Licensees and advisers should collectively expect to pay an additional $165 million a year in compliance costs should the government's draft bill on new adviser standards be put into play.
According to the bill's explanatory memorandum, several of the proposed reforms will increase average annual regulatory costs for businesses by $77.3 million while individuals, including new and existing advisers, will bear an extra $87.8 million a year.
There will be no additional costs to community organisations. The memorandum states that all new costs will be offset from within the Treasury portfolio, however it does not provide details.
For licensees, most of the additional costs will be associated with developing policies and procedures to ensure their advisers are complying with the new professional standards and ethical codes.
"This will include updating their IT systems to track adviser education and ongoing professional development and ethical training," the memorandum states.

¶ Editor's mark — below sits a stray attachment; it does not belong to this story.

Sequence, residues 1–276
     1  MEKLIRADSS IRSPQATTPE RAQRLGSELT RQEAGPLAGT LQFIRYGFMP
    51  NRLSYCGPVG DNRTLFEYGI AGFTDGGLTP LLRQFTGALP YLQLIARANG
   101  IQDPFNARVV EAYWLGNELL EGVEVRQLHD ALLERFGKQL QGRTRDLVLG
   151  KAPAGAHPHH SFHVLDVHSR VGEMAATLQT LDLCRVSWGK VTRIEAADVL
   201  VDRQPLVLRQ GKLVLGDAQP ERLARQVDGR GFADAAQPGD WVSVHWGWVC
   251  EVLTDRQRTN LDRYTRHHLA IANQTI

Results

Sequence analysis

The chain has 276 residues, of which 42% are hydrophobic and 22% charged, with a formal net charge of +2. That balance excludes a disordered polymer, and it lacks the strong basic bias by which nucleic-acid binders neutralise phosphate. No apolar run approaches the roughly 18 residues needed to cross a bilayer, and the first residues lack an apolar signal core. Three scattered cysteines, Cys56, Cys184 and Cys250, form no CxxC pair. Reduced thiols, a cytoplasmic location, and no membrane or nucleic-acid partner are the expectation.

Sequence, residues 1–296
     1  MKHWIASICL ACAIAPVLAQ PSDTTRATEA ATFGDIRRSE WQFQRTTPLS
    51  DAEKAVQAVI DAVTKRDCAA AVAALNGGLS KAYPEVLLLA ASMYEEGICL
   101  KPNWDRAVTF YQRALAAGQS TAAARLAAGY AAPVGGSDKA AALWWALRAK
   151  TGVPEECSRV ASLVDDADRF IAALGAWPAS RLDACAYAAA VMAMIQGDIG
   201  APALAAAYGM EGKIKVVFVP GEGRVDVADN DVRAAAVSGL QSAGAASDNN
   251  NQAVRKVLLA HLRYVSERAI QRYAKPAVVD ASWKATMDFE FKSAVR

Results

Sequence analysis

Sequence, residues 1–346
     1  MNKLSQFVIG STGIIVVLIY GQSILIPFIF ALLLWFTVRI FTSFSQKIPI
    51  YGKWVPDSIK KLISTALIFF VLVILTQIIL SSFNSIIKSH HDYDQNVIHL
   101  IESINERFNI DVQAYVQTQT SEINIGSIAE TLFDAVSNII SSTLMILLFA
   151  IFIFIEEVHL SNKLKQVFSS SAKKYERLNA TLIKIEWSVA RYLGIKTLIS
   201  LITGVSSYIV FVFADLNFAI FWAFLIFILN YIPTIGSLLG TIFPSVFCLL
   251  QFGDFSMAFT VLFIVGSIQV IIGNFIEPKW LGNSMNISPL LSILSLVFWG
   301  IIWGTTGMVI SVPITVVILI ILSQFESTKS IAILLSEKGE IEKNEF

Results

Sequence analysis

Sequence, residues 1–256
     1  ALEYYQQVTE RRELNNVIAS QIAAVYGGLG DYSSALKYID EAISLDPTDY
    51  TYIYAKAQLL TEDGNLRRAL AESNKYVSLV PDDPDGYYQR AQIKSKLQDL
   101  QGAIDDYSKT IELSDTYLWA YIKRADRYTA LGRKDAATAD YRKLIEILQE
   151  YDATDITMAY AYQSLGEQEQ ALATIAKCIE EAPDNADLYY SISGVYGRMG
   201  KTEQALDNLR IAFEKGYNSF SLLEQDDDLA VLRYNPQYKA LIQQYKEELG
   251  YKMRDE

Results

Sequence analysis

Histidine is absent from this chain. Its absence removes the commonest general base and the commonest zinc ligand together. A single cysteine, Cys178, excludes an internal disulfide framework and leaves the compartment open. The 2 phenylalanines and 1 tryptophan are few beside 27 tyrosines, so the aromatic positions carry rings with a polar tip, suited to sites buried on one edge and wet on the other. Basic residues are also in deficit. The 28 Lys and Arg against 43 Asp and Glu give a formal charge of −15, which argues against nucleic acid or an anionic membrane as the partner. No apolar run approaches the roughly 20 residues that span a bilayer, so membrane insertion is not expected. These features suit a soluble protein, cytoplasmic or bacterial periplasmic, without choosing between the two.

Meanwhile, new financial advisers will incur costs associated with gaining a three- or four-year bachelor degree, which may "impose significant costs from both the course fees and the hours of study accumulated".
Existing advisers will be responsible for the costs associated with updating their educational and ethical qualifications.
Speaking to ifa, FPA chief executive Mark Rantall said that estimated cost will likely increase once the independent standards-setting body, which is expected to be funded by the industry, is operational and if a degree requirement is placed on all existing advisers.
"There is little provided around those estimates. One would assume that they would include the cost of education and also the cost of running and establishing the independent counsel," he said.
"We haven't seen the breakup of that costing but if in fact existing advisers are required to obtain degree qualifications, then those estimates could well be exceeded. This is something that advisers should be aware of.
"As we put in our submission, we're not supportive of the need for existing financial planners to obtain degree qualifications. We think this is legislative overreach and isn't in the spirit of what's being negotiated."
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